This practice is detrimental to financial inclusion and negates the gains of the financial literacy programs geared towards promoting personal savings.
Banks and SDIs are directed to desist from charging “Account Maintenance Fees” on savings accounts. This ban, however, does not include charges for services provided by banks and SDIs with the explicit prior subscription by customers.
- Over the Counter (OTC) Withdrawal Charges
Bank of Ghana notes that some banks and SDIs impose penal charges on customers who withdraw their own funds from banking halls of affected banks and SDIs. The reason commonly attributed to this practice is to encourage customers to use digital platforms provided by the banks/SDIs for such withdrawals, in order to decongest banking halls. These digital platforms are however not offered for free.
While the Bank of Ghana acknowledges the support of banks and SDIs in the digitization agenda, this action deters some customers, especially those who are averse to the use of digital platforms, from opening and operating accounts. The practice also negatively affects the financial inclusion drive of the Bank of Ghana.
Banks and SDIs are directed to desist from levying penalties on customers who withdraw their own funds below certain thresholds from the banking halls.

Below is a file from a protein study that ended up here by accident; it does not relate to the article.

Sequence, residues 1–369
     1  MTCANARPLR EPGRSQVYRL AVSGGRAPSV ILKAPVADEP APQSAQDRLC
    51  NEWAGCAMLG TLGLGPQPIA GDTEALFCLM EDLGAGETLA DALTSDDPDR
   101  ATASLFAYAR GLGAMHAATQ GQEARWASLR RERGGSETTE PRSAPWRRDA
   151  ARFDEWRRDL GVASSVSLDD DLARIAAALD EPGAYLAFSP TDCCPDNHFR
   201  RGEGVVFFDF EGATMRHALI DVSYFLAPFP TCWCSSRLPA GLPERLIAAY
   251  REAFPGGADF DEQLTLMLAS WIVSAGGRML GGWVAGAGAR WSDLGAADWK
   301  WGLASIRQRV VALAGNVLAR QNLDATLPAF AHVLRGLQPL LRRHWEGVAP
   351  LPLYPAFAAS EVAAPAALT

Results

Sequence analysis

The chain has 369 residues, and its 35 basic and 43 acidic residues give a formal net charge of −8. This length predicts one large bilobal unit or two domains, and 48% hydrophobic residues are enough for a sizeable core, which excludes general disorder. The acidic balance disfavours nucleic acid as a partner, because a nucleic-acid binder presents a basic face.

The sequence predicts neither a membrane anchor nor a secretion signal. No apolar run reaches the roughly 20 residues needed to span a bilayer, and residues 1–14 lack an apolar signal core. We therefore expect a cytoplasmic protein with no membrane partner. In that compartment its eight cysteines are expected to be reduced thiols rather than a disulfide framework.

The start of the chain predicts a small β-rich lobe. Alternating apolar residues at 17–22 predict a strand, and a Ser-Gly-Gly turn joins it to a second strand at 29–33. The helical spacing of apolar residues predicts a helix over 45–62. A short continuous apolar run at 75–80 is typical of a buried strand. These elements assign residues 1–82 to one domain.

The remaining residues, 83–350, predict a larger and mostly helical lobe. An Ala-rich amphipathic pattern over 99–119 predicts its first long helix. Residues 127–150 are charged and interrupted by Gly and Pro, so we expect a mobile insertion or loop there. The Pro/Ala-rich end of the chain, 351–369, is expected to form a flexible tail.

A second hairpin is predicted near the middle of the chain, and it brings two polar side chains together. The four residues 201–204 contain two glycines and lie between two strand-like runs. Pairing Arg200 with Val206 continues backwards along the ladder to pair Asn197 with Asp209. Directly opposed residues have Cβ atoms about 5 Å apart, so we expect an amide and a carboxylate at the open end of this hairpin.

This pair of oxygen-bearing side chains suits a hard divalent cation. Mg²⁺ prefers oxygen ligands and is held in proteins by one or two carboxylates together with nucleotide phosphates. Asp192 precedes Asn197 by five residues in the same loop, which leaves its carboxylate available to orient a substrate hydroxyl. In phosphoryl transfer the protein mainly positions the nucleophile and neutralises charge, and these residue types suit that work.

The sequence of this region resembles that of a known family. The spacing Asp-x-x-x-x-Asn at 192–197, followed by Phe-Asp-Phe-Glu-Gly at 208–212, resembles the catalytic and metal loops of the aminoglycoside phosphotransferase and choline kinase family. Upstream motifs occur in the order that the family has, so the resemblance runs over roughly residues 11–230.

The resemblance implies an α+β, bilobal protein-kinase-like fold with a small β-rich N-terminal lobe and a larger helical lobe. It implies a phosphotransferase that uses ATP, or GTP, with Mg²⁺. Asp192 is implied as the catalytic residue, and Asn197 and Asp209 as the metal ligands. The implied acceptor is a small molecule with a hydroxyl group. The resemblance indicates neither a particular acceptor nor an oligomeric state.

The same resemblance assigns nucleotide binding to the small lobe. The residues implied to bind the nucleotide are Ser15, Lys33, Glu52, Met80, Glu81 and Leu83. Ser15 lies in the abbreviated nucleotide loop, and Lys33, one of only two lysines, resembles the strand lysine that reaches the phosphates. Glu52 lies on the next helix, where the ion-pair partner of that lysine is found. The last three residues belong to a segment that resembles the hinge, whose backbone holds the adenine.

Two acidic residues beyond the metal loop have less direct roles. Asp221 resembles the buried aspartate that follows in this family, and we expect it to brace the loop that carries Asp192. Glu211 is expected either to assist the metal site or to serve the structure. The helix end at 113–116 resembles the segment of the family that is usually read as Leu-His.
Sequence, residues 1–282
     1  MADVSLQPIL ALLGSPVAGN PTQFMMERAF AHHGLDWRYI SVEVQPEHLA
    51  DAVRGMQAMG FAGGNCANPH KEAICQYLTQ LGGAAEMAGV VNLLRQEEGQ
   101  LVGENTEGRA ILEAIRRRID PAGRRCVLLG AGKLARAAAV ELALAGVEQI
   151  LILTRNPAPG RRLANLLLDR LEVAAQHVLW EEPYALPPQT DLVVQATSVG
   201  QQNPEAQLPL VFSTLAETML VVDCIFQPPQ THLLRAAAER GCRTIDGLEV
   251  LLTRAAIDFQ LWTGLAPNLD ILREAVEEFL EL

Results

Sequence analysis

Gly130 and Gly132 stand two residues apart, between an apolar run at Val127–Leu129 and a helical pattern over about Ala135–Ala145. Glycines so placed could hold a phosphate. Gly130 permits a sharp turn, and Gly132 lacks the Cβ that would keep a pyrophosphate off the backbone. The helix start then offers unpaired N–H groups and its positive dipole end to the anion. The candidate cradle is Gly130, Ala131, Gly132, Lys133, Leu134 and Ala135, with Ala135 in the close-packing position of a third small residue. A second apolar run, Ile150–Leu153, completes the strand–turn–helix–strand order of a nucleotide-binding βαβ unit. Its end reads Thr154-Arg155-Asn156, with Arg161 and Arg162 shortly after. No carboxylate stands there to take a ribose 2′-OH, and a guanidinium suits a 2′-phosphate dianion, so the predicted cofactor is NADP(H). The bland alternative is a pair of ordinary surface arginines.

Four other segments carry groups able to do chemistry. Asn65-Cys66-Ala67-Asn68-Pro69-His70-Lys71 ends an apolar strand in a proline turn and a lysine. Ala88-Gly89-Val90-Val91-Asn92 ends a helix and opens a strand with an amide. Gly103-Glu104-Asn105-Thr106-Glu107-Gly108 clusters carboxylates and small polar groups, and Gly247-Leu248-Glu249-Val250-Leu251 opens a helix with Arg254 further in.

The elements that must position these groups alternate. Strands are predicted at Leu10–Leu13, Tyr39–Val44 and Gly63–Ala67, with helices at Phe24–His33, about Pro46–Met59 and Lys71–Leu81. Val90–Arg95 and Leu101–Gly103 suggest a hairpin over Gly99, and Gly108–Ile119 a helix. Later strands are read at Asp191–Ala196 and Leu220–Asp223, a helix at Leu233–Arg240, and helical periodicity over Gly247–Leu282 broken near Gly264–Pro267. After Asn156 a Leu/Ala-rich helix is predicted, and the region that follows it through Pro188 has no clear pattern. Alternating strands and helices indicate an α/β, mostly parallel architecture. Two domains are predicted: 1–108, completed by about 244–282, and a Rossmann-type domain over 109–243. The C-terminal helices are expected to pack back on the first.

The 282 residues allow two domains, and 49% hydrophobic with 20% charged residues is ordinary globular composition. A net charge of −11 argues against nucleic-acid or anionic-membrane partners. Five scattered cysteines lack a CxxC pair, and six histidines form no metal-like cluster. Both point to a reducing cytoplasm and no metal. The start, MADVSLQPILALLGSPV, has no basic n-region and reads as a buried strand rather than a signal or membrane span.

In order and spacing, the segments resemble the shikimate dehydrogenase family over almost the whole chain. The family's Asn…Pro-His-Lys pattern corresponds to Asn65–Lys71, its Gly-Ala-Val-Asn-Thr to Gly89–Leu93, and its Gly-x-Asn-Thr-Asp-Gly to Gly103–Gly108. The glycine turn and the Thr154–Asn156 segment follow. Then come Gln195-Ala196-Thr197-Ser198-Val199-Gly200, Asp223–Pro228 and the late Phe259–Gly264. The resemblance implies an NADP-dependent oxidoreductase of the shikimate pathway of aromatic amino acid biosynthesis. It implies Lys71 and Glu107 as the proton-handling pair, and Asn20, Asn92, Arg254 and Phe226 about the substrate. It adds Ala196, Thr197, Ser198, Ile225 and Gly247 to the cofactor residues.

In addition, banks and SDIs shall not levy penalties against customers who request account balances within banking halls.
- Change of Ownership of Collateral Documents
Bank of Ghana notes that some banks and SDIs require borrowers who secure credit facilities with movable assets, to transfer ownership of such assets into the joint names of the borrower and the bank or SDI involved. In addition, borrowers are made to bear the cost associated with the transfer prior to loan approval and after the settlement of the loan.
This practice of some banks and SDIs is contrary to section 7 of the Borrowers and Lenders Act, 2020 (Act 1052) which does not permit a security interest to operate as a transfer of title from a borrower to a lender. The practice further denies borrowers the opportunity to secure multiple loans with single collateral duly registered in the name of the respective borrowers.